Wellington - Rev Darracott (1756)

When I came hither, which was in the year 1741, I found the interests of religion very low; the communion was almost reduced to nothing; the stated hearers very thin and the greatest stupidity and unconcernedness about anything of religion I ever saw. When I first made my pastoral visit to their houses, I was astonished to see how many families had not so much as a good book, and more still had not a Bible; how many parents as well as children could not read a letter. When I saw this I less wondered at the ignorance many of them discovered and surely greater ignorance could hardly be found among the wild savages. I urged them to attend the public preaching of the word, and multitudes were soon brought to that, who before seldom went anywhere to worship, and to encourage them to learn to read, I promised to procure Bibles, Testaments and other books for them; and by the help of a noble charity in London,immediately got a hundred children to learn several sets of Catechisms, there being a reward both of money and books for so doing.

I took out licences for houses in the most ignorant villages around us, and went out in the week time to preach, which drew a number of the most abandoned in these places to hear me, who afterwards came ot our place of worship on Lord's days. And I have now great numbers of these poor creatures who come in three, four and five miles to hear me constantly all the year round, and are some of the most judicious and exemplary Christians I have, who were before among the most stupid and dissolute. The preaching of the word for several years made constant impression in more or less degree. And though the convictions of some hundreds who have heard me are quite worn off, yet in considerable numbers they have terminated in a remarkable and saving change, which the country round is at once a witness to, and have expressed their astonishment at.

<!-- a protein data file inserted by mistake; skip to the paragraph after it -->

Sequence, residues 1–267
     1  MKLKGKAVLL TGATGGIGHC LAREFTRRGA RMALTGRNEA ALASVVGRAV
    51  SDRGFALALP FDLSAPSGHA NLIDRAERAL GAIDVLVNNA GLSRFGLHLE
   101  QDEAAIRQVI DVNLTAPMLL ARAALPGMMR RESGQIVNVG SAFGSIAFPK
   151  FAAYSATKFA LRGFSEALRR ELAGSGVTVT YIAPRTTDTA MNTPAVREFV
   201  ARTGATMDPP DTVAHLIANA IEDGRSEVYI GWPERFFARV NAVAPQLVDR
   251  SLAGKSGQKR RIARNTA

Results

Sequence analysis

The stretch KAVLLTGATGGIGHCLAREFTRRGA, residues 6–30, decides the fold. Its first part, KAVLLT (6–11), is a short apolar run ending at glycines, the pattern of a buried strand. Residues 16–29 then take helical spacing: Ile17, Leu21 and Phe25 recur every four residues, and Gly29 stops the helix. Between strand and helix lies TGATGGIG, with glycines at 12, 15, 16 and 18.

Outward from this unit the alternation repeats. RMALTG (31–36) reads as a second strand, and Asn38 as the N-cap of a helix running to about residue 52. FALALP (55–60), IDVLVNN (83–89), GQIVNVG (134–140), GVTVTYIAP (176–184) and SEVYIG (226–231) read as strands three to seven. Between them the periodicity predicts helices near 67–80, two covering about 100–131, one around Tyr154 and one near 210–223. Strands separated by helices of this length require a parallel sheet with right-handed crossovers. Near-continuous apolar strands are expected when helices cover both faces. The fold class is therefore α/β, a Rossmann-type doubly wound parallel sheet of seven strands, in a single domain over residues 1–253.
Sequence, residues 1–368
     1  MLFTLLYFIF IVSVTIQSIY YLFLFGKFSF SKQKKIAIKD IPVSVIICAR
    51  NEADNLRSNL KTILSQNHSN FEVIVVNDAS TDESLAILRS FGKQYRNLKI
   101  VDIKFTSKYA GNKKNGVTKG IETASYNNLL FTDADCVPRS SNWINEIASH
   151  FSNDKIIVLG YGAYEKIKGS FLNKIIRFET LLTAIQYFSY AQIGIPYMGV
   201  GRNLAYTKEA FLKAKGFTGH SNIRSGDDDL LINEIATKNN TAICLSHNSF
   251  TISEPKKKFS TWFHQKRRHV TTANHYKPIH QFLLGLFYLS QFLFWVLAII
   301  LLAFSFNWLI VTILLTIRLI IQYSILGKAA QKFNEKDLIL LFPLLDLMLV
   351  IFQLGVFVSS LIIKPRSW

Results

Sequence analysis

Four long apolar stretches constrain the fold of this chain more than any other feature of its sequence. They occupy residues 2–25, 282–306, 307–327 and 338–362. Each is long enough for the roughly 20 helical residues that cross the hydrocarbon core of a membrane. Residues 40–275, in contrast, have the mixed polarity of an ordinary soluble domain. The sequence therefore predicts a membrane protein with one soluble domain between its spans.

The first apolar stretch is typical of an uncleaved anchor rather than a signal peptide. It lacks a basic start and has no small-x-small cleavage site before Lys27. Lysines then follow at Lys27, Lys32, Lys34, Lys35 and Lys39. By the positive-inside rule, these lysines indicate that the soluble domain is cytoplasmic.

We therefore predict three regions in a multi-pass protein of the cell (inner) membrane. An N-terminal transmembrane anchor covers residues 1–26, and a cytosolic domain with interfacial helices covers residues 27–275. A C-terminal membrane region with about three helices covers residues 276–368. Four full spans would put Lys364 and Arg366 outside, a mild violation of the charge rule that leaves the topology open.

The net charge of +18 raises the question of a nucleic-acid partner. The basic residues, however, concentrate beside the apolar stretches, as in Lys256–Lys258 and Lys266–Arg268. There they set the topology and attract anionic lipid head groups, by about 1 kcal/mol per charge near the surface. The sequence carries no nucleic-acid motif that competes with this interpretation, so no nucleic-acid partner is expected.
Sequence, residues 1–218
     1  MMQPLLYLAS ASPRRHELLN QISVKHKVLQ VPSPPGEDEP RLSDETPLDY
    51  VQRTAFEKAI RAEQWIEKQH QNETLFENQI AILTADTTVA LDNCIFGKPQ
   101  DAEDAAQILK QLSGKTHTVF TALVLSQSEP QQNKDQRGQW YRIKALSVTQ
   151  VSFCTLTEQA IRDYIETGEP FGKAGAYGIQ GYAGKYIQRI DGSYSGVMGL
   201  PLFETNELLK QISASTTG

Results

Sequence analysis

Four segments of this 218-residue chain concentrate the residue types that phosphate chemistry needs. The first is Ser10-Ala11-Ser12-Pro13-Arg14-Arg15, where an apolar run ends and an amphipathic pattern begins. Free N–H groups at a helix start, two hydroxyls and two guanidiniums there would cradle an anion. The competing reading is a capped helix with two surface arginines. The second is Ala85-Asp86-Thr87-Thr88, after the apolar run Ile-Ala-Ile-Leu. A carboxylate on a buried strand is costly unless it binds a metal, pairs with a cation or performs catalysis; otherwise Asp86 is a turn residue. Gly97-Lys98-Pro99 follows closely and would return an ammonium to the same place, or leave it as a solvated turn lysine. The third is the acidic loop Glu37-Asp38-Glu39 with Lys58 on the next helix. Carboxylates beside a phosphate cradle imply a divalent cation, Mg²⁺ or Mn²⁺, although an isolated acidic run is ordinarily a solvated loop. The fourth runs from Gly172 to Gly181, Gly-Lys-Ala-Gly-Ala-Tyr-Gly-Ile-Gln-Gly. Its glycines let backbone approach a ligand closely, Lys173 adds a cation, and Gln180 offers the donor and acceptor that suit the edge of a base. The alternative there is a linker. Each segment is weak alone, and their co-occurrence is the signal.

Our house of worship though enlarged since my coming thither, is now crowded every Lord's day, and our communion is increased to between two and three hundred. I must observe the principal success of my ministry has been all along among the poor, the richer sort having rather dispised my ministrtions and opposed my endevours than given me any countenance and encouragement in them...I hope there has been a little revival of late, and that among the young people which gives me great joy.

From a letter from the Rev Mr Darracott.

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